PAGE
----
David Post: The need to ‘widen the lanes’ on internet is growing
What’s all the fuss about widening I-85?
For that matter, why build more interstate highways?
They were designed to move the machinery of war more quickly. If interstate highways are not packed with convoys of military equipment and soldiers, why should government pay for them?
Why not rely upon the private sector to raise the capital, develop and manage the interstate system, and charge user fees? Fast lanes around the nation charge $1 or more per mile in high traffic. Most people choose to save the money and plod along in moving parking lots. But even those highways are built with government dollars.
A mere 200 years ago, the fastest way to move information and other stuff was on a horse. OK, smoke signals, yodeling and homing pigeons were quicker.
Then along came trains, cars and airplanes. And electricity and radio signals. All moving information and stuff faster and faster.
About 25 years ago, another war tool surfaced for public use. The internet.
As a nation, we decided that everyone should have access to electricity, water, highways and schools but not to the internet. Take away the internet, and much of the education infrastructure, many jobs, much of the healthcare and legal systems and many government services would collapse. Communication of simple information would take hours or days rather than nanoseconds.
In the Telecommunications Act of 1996, Congress attempted to meet two, somewhat competing goals: encourage internet development through private sector competition while avoiding a “digital divide.” Theoretically, we don’t want a nation of internet haves and have-nots, or big cities with great internet and small and rural communities with no or poor internet.
Compared to highways, early internet technology was made of copper cable with multiple limitations, environmental implications and short life spans, similar say, to dirt and one- and two-lane roads. High-speed fiber optic broadband is made of glass strands with information traveling at the speed of light, being eco-friendly, and with long life spans, comparable to Ferraris on 50-, 100- and 200 -ane highways.
The private sector pursues profits for their shareholders. Governments provide services to everyone. Big profits await in New York and LA but financial difficulty (and shareholder discontent) await in Faith and Spencer. Consequently, 200-lane highways are developed in large metro areas, while small towns and rural communities are stuck with dirt and one-lane roads.
Ten years ago, Salisbury looked ahead, and decided to build its own 200-lane super highway through every street in the city. Did the private sector build even a competing 50-lane highway in Salisbury? No. Not an inch. But, they spent millions on lobbyists to convince state legislators to prohibit municipal governments from building their own superhighways and to punish Salisbury for having done so.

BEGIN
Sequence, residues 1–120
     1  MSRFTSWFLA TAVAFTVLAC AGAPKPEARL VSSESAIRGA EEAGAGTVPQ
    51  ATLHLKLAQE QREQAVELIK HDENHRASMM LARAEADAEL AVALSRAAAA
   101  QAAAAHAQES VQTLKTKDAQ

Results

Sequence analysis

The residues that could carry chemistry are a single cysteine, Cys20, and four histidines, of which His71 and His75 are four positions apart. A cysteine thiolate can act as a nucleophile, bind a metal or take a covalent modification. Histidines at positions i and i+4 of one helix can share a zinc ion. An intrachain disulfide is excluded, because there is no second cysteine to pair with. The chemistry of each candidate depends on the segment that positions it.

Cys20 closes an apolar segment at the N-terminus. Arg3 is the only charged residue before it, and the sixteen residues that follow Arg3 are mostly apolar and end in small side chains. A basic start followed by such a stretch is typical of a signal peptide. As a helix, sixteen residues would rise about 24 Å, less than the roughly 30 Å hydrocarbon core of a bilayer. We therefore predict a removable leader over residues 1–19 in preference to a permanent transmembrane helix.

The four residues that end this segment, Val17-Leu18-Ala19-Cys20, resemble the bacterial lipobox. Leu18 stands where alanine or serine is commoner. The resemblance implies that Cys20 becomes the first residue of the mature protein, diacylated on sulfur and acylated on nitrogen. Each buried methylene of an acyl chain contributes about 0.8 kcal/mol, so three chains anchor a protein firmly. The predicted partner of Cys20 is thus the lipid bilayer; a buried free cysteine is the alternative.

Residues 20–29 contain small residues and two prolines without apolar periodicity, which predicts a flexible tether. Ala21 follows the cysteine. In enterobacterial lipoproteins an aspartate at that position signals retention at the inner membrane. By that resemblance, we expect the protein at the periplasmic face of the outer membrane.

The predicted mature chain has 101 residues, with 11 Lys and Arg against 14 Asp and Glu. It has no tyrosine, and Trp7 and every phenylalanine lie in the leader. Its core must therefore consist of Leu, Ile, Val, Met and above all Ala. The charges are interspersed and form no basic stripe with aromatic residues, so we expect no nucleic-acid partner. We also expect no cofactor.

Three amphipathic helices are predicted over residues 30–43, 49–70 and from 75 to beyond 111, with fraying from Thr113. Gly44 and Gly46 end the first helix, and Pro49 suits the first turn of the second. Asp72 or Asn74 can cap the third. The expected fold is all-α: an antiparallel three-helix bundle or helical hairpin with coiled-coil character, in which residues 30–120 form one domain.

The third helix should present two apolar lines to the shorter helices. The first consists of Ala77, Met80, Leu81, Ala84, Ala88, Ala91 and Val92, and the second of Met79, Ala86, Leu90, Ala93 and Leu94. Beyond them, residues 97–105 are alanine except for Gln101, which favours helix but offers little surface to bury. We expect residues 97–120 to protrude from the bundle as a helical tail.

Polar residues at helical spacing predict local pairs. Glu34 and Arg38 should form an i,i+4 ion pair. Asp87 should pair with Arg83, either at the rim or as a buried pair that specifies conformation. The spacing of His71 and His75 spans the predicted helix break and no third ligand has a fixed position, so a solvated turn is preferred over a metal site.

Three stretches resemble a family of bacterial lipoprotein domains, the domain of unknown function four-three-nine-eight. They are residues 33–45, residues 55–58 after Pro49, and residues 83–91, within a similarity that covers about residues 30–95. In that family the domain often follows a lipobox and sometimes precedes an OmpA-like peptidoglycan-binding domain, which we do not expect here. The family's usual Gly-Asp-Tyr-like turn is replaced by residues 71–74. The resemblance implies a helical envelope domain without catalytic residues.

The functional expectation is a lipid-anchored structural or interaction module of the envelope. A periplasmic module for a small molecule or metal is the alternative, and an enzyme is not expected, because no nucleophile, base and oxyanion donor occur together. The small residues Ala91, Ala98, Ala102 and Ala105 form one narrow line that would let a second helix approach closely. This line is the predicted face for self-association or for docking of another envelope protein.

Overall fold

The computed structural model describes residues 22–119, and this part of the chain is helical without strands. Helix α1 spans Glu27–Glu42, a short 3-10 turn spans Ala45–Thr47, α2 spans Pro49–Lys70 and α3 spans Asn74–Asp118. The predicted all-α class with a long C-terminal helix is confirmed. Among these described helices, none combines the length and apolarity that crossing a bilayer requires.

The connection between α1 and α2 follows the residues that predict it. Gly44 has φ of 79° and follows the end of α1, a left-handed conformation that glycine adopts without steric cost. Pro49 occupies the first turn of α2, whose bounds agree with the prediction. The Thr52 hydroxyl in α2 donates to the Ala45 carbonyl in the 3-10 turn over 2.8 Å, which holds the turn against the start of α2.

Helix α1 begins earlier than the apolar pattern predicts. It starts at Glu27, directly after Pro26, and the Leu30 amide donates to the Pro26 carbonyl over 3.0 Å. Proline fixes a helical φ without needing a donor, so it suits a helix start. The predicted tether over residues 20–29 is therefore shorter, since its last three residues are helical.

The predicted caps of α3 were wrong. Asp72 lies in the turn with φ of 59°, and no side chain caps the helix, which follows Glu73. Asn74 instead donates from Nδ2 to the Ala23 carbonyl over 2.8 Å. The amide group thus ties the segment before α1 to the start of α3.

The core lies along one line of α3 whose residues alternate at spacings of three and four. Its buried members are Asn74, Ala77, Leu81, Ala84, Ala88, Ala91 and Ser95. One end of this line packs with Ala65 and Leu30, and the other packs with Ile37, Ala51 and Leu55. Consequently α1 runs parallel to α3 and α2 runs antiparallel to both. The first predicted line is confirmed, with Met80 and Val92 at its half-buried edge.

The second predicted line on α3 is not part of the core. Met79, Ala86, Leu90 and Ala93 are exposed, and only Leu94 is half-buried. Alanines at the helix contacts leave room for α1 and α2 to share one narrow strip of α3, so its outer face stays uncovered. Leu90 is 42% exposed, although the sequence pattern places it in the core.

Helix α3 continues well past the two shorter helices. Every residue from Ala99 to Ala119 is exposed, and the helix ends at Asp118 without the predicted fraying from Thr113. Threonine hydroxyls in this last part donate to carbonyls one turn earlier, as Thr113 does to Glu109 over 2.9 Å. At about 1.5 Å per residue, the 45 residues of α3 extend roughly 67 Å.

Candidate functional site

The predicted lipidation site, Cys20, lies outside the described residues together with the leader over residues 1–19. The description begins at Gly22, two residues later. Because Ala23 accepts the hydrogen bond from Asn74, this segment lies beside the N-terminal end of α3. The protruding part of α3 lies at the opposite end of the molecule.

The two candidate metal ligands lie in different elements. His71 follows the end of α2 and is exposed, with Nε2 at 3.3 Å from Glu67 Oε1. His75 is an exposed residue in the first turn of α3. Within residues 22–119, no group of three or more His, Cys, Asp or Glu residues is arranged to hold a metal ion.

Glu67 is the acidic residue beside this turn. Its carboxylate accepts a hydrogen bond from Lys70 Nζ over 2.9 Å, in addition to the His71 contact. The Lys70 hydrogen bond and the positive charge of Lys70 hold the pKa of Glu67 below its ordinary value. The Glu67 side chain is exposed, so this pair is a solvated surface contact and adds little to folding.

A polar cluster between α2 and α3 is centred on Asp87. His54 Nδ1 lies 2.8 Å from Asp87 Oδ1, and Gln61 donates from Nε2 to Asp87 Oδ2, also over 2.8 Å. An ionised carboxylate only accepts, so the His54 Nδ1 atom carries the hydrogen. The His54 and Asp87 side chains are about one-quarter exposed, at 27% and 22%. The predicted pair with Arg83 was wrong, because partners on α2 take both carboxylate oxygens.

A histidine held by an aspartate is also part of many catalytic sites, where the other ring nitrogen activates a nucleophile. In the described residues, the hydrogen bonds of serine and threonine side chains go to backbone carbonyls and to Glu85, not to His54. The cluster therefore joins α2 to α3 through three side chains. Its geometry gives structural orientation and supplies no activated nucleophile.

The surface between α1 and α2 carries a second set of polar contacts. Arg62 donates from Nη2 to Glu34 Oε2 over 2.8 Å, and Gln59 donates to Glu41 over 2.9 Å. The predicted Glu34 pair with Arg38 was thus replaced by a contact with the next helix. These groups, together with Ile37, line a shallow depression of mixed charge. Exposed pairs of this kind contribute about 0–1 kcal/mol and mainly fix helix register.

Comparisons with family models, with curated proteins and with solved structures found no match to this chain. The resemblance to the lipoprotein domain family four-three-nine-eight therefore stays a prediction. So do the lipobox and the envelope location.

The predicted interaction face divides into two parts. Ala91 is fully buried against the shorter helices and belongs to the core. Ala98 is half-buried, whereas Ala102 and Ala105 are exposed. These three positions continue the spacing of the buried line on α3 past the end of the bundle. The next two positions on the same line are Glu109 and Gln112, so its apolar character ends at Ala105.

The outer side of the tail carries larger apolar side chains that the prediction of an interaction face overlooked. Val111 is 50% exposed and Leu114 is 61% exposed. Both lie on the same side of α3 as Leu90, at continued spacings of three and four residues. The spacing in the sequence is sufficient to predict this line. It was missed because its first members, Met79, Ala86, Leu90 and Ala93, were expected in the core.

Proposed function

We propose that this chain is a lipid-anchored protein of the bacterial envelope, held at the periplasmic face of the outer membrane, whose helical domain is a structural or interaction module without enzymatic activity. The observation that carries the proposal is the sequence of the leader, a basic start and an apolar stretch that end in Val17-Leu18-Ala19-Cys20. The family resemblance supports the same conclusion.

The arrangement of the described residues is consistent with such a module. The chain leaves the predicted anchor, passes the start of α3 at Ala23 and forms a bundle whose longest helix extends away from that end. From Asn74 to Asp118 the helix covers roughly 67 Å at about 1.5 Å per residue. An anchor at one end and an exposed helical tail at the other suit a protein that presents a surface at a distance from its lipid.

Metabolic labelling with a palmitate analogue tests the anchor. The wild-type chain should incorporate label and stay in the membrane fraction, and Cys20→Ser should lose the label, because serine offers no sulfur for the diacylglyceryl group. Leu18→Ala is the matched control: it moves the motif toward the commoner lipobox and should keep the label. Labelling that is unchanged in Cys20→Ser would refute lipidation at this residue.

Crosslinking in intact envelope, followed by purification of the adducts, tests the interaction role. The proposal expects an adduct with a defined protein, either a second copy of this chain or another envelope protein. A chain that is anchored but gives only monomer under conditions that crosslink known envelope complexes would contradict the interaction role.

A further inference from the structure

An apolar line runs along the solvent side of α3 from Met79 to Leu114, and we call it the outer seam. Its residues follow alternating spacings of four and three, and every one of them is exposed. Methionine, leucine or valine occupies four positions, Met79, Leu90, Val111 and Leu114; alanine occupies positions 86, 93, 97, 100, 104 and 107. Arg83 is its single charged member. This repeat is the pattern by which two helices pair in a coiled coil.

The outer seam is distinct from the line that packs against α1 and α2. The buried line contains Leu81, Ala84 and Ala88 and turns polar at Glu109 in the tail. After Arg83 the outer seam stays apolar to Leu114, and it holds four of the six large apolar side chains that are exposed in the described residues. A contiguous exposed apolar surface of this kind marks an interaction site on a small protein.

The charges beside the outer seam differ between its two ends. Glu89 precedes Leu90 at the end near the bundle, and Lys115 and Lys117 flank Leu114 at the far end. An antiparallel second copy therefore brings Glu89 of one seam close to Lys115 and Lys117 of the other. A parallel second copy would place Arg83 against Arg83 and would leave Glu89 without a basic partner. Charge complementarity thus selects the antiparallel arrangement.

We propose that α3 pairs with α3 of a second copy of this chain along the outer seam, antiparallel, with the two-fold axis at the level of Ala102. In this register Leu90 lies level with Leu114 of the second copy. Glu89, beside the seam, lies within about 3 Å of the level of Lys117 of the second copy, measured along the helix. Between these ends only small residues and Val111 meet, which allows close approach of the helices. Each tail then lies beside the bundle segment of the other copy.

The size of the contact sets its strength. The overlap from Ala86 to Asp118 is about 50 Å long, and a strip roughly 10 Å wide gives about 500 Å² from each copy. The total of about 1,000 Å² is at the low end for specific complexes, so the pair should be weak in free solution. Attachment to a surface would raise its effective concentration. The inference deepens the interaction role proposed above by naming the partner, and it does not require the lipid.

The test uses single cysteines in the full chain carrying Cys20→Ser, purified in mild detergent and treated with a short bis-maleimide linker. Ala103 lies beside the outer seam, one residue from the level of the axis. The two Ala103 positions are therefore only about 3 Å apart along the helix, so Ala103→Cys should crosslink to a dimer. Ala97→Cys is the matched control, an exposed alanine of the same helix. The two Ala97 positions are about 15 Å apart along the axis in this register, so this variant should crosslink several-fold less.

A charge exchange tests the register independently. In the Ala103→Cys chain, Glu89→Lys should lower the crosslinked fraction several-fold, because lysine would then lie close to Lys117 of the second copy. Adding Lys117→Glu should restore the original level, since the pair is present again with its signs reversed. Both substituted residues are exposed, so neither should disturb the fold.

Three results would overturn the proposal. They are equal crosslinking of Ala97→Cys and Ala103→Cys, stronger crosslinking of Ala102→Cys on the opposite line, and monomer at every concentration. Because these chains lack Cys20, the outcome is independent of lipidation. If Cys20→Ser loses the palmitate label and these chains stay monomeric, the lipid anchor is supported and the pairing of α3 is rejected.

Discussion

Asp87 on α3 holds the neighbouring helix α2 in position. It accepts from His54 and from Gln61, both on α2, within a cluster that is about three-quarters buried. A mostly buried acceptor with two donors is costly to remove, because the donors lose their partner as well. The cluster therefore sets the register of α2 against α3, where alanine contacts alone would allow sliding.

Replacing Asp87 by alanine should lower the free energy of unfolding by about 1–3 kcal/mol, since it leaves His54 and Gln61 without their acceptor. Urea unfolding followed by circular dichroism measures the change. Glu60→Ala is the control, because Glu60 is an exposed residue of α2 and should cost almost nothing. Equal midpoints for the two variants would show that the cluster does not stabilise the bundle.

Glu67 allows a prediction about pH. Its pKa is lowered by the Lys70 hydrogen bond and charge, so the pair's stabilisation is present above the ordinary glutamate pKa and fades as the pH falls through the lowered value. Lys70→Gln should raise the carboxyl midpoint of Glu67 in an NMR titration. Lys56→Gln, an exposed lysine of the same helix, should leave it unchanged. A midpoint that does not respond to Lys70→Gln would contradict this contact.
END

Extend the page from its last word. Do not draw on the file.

With Fibrant, Salisbury certainly made plenty of mistakes, but that’s not what this is about.
With a new administration in Washington, the national mood surrounding municipal broadband has changed from optimism to uncertainty. Will the federal government provide funding for broadband development? Probably not. Will states? Probably not? Will municipalities? Most lack the financial capacity and are constrained by state laws — written by big internet provider lobbyists — from developing their own systems.
Do average homeowners need 1 gig (or 10 gig) service? Not today. But soon. Homes are getting smarter with multiple computers, tablets, TVs, streaming movies, cell phones, security systems, thermostats, lighting, robotic vacuums and smart appliances. Forgetful shoppers, like me, can look inside their refrigerator with their cell phones as they walk the aisles at Food Lion. TV and video are becoming more internet-based.
Imagine being able to turn on only one light or one appliance at a time in your house. That’s the difference between copper cable and fiber optics.
Do schools need broadband? Done right, yes. One example: imagine every class being broadcast simultaneously. Students at home could stay on track.
Fibrant could monitor traffic and signals on every road and at every intersection simultaneously. Police surveillance could be enhanced. Implementations in low-income neighborhoods would allow every student to have internet access 24/7. Downtown should and could offer free WiFi. We could host a hackathon. Digital healthcare allows doctors to do biometric testing and other tests on patients in their homes through their tablets or phones.
Small towns and communities around the nation are begging for broadband. The have-nots are seeing their economies, home values and tax bases shrink.
Salisbury has a 200-lane highway. Though we brag about it, we don’t use it because we have no strategy. Fibrant has a WOW factor. We have a red Ferrari parked in the garage, its engine roaring. It’s time to put it on that highway and open ‘er up.
David Post is a member of Salisbury City Council.